You can use 'client->name as clientname' and .%Get("clientname") or use .%GetData(columnnumber)

Hi Larry,
Can yo start from the command prompt without emergency mode (ccontrol start trycache) ?
If yes, the help mentions that emergency mode is not using the control service, did your control service have specific rights ?

Btw, did you try the default password for SuperUser or Admin. (

ccontrol start <instance name> [<full path and file name of .cpf file>]

                        Starts Caché instance <instance name>, optionally using the specified .cpf file.

                        If a new .cpf file is specified, it becomes the default startup .cpf file.     


            Note:   An optional /EmergencyId=Username,Password can be used

                        to start Caché in emergency mode.  When the EmergencyUserId

argument is supplied, the system starts up in emergency mode in which

only the baseline databases are mounted and access to Caché is governed

by Caché login using that username and password.  Emergency mode is supplied

to give access in the event that privileged users are not available or their password

is forgotten.  Emergency startup is only available from an administrator account.

When Caché is started in emergency mode, the Caché control service is not used.  

This means that if you log out of Windows, all the Caché processes will immediately exit.

If on Windows :

Start Windows Powershell (Admin)

C:\ cd /intersystems\cache\bin (the directory where you installed caché)
C:\Intersystems\cache\bin> ./ccontrol all  (this should open a text file with the instances you have, note the name of your instance, it is 'cache' in my example)

    Instance          Version ID        Port   Directory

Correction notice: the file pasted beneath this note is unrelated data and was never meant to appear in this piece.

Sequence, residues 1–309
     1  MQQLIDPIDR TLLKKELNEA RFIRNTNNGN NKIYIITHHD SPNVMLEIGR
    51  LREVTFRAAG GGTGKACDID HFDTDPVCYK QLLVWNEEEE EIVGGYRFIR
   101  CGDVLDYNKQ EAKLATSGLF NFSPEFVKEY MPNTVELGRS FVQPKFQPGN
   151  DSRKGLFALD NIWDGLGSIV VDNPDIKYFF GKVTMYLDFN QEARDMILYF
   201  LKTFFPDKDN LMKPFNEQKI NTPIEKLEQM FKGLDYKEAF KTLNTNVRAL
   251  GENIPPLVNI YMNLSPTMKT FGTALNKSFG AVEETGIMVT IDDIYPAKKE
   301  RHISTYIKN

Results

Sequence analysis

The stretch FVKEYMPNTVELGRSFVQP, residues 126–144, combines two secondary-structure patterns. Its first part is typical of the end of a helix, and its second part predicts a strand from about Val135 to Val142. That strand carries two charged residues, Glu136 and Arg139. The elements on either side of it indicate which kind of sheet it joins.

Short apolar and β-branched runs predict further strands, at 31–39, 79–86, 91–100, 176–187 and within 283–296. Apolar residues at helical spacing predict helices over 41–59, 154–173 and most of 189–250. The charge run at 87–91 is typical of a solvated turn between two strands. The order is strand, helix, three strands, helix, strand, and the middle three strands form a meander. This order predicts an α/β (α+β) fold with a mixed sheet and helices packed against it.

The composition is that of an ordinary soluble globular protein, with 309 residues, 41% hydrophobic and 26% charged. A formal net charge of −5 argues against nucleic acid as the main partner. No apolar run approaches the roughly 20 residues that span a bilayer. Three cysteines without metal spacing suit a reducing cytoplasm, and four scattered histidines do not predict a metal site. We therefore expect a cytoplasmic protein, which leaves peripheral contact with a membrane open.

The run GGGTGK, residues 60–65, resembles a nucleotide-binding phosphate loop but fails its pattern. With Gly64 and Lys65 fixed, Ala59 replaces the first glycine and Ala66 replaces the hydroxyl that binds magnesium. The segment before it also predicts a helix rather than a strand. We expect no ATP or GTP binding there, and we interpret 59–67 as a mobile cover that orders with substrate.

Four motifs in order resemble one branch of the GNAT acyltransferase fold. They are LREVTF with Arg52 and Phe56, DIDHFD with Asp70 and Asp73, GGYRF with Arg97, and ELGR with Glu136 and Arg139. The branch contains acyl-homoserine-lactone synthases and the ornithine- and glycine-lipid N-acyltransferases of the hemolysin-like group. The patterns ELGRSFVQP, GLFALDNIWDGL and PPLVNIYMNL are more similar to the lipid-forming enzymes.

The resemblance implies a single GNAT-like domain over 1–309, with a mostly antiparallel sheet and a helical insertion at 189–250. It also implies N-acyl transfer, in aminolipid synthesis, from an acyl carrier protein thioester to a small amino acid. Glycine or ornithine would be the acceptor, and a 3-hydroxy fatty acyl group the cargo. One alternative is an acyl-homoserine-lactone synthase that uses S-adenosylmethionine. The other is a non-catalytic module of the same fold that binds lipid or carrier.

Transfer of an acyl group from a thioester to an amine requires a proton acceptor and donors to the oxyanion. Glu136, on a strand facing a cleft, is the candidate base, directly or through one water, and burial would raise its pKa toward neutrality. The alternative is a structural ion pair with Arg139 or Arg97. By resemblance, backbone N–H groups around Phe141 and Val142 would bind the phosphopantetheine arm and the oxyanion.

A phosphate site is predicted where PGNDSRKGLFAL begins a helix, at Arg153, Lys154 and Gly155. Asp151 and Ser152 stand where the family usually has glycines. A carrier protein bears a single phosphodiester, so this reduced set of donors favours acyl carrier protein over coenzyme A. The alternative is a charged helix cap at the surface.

-------------     ----------        ----   ---------                   
up  cache             2018.1.2.309.0    1972   c:\intersystems\cache

If Caché is not down :
C:\Intersystems\cache\bin> ./ccontrol stop cache

To start Caché in emergency mode :
C:\Intersystems\cache\bin> ./ccontrol start cache /EmergencyId=tempuser,temppw (in my case, i got Win Defender warnings, accepted access)

Verify Caché is running :
C:\Intersystems\cache\bin> ./ccontrol all

Launch Caché management portal, login with tempuser and temppw, go to System Admin -> Users (might have to login again with temp credentials)
Change pw for your user(s).

Restart Caché

To check if a database is corrupt : Do ^INTEGRIT

To repair a database : Do ^REPAIR (But if you don't know this utility or the internals of database blocks and pointers : don't use it !!!)

Hi Michel,
Good subject, i like to question the things we are used to, but look strange to the outside world.
I would welcome the possibility to change the precedence to something more 'standard'. When i taught Object Script courses, the left-to-right precedence was always the first thing i mentioned, and it always blew the heads of my students.
Unfortunately, the option is not present, and even if there could be ways to implement such an option by InterSystems (e.g. as a method keyword to alter the precedence), the general behaviour will have to default to the current precedence to not break existing code.
Maybe editors like vs-code can issue warnings when operators are used without brackets in Object Script.

Hi Tiago,

There is always a risk of getting errors after an upgrade, depending how your application uses Caché.
For example : your application could use custom data/code that is stored in the manager's database, and that database will be overwritten in the upgrade, so you will risk loosing data/code. (It is bad practice to store info there, but it is possible) 

Best is to contact the vendor/developers, and test the upgrade by copying the server to a test server and do the upgrade there.

I added the way to find out which global name is used in my first reply  : try

write ##class(%Dictionary.CompiledStorage).%OpenId("MyPackage.MyClass||Default").DataLocation

When doing a create table, it is indeed a hashed global name, but when defining a new class in Studio, it is still clasname_"D" (unless the global name becomes too long).

The parameter USEEXTENTSET=1 will alter this behaviour (in class definition or CREATE table statement) :
Global Naming Strategy: you can use the USEEXTENTSET parameter to specify shorter and more efficient hashed global names for data and index lookup operations.

You can use %Library.CompiledStorage to find out what the global name is for a class :

Hi Robert,
yes, i never use indirection unless it cannot be done in another way,

(or to show-off what cache object script can do)